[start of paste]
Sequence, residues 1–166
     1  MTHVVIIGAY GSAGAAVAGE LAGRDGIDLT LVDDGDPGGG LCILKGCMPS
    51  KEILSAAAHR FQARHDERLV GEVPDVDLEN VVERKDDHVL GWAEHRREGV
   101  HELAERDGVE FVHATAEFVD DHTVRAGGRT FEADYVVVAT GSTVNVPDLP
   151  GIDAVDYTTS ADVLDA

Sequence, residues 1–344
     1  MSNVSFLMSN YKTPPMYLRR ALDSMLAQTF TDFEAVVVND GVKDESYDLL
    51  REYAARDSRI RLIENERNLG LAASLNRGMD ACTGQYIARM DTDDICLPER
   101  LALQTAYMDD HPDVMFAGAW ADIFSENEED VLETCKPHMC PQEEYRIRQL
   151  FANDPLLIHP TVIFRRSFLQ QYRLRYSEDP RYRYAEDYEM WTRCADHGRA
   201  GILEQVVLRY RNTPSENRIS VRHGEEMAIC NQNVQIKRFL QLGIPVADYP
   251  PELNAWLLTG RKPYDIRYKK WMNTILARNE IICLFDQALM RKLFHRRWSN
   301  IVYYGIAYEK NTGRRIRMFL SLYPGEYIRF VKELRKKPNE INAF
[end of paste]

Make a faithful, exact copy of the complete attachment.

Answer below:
Sequence, residues 1–166
     1  MTHVVIIGAY GSAGAAVAGE LAGRDGIDLT LVDDGDPGGG LCILKGCMPS
    51  KEILSAAAHR FQARHDERLV GEVPDVDLEN VVERKDDHVL GWAEHRREGV
   101  HELAERDGVE FVHATAEFVD DHTVRAGGRT FEADYVVVAT GSTVNVPDLP
   151  GIDAVDYTTS ADVLDA

Sequence, residues 1–344
     1  MSNVSFLMSN YKTPPMYLRR ALDSMLAQTF TDFEAVVVND GVKDESYDLL
    51  REYAARDSRI RLIENERNLG LAASLNRGMD ACTGQYIARM DTDDICLPER
   101  LALQTAYMDD HPDVMFAGAW ADIFSENEED VLETCKPHMC PQEEYRIRQL
   151  FANDPLLIHP TVIFRRSFLQ QYRLRYSEDP RYRYAEDYEM WTRCADHGRA
   201  GILEQVVLRY RNTPSENRIS VRHGEEMAIC NQNVQIKRFL QLGIPVADYP
   251  PELNAWLLTG RKPYDIRYKK WMNTILARNE IICLFDQALM RKLFHRRWSN
   301  IVYYGIAYEK NTGRRIRMFL SLYPGEYIRF VKELRKKPNE INAF